‘American feebleness’ will be on display if Biden doesn’t enforce red lines with China: Gordon Chang

President Biden and Chinese President Xi Jinping’s three-hour meeting will be meaningless if the U.S. doesn’t respond to Chinese misconduct, said Gordon Chang.

“While Washington talks with China, Xi’s regime continues unacceptable and dangerous conduct, and we do not impose costs,” Chang, a China expert, told Fox News. “Only when we impose costs will the situation improve from our standpoint.”

Biden and Xi, for the first time since Biden took office, met in person at the G-20 summit in Indonesia on Monday. The U.S. president raised concerns about Beijing’s “coercive and increasingly aggressive actions toward Taiwan,” China’s human rights practices, North Korean military escalations and Russian President Vladimir Putin’s invasion of Ukraine, according to the White House.

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“He has the power to enforce the red lines, but the issue is political will,” Chang said. “It is not clear Biden will employ American power to enforce them.”

“This meeting may have established some order in the Taiwan Strait, but the issue is whether Xi Jinping believes Biden,” he added. “Xi has seen Biden’s failure to impose costs on China for openly supporting the Russian military in Ukraine and may believe he can similarly ignore Biden’s warnings on Taiwan.”

Beijing views Taiwan as an inalienable part of China. The self-ruled island’s democratically-elected government rejects Beijing’s claims of sovereignty over it, while China has accused the U.S. in recent years of encouraging Taiwan independence.

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U.S. President Joe Biden shakes hands with Chinese President Xi Jinping as they meet on the sidelines of the G20 leaders’ summit in Bali, Indonesia, November 14, 2022.
(REUTERS/Kevin Lamarque)

Xi told Biden that the Taiwan question was at the “very core of China’s core interests” and the “first red line” in bilateral ties that must not be crossed.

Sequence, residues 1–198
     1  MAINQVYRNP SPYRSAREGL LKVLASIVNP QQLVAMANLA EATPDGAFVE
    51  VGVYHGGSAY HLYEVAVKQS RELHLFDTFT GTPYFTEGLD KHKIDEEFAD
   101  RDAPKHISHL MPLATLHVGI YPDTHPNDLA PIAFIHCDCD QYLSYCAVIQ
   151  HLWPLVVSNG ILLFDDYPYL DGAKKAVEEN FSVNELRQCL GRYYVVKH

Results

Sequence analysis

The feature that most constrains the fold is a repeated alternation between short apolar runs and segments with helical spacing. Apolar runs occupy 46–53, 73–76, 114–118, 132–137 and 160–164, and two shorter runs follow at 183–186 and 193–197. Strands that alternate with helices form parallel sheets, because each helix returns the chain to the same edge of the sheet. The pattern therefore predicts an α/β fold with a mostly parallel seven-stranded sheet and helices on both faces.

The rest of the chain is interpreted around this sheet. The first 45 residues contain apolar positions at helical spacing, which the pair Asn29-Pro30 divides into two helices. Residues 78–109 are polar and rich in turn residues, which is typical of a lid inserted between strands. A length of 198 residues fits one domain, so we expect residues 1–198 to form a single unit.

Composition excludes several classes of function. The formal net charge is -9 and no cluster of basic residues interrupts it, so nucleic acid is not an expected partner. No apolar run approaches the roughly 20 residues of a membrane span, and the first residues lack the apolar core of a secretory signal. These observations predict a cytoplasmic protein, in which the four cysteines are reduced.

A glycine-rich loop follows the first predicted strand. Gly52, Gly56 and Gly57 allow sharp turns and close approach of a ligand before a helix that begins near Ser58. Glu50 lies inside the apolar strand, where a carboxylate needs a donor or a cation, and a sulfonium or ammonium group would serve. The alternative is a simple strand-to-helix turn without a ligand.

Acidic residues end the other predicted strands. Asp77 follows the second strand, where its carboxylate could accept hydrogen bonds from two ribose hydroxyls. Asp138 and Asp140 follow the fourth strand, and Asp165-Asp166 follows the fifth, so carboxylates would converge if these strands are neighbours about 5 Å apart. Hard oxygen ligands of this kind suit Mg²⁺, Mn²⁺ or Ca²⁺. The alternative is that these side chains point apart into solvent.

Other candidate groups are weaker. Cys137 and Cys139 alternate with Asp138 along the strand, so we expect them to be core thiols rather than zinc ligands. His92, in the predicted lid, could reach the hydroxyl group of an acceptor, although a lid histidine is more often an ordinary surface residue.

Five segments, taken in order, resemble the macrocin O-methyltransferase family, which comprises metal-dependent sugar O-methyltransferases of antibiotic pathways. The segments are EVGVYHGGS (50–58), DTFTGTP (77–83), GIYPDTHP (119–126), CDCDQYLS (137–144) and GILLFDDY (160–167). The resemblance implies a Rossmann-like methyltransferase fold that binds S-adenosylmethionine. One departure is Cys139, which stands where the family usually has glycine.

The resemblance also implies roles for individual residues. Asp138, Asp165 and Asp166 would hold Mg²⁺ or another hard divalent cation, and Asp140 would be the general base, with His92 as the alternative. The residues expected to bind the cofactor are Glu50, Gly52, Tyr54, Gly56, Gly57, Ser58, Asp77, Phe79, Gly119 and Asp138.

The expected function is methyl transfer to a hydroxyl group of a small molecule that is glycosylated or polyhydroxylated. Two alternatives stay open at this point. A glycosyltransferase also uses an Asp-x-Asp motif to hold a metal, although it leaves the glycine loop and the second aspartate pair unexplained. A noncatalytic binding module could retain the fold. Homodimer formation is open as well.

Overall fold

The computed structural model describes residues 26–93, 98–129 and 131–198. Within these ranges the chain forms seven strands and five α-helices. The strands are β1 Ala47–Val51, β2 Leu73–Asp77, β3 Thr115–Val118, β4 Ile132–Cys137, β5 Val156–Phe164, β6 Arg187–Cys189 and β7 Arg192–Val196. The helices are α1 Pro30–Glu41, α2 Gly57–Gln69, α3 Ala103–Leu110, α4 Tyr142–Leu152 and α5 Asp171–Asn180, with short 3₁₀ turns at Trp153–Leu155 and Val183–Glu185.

Biden reiterated U.S. support for its longstanding “One China” policy, which recognizes the government in Beijing and said the U.S. remains committed to maintaining peace and stability in the Taiwan Straits. The U.S. president also said that he doesn’t believe there is “any imminent attempt on the part of China to invade Taiwan.”

“For years, Chinese officials have been talking about the moon and Mars as sovereign Chinese territory,” Chang said, doubtful of Biden’s claim. “The only limit to Chinese ambition is the outer boundary of the universe.”

At the meeting, Xi told Biden he looks forward “to bringing China-U.S. relations back to the track of healthy and stable growth.” Chang, however, was skeptical of China’s call for improved relations.

Gordon Chang said the U.S. must impose costs on China in order to improve its position with the superpower.
(Fox News)

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“By improving relations, Beijing means talking and delaying America doing anything effective about China’s unacceptable conduct,” he said.

Chang pointed to reports that Chinese police service stations have been established in at least 54 locations across 30 different countries, including one in New York City. They purportedly allow Chinese authorities to monitor its citizens abroad and “carry out policing operations on foreign soil.”

“The police station in New York is more about American feebleness than Chinese aggression,” Chang told Fox News. “Beijing obviously felt it could get away with opening a police station in America because American presidents had allowed Chinese consular officials and Ministry of State Security agents to openly operate on our soil for decades.”

“It’s time to show the Chinese that we now have zero-tolerance for violation of our sovereignty,” he added. “We do that by, among other things, closing down that New York police station.”

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Despite talk that the Xi-Biden meeting was a step in the right direction for the two superpowers, which many had feared were heading toward a new Cold War, Chang was not as convinced.

“We should remember that good relations are not necessarily friendly relations. Good relations are getting what you want,” he said. “The Chinese know this. We should too.”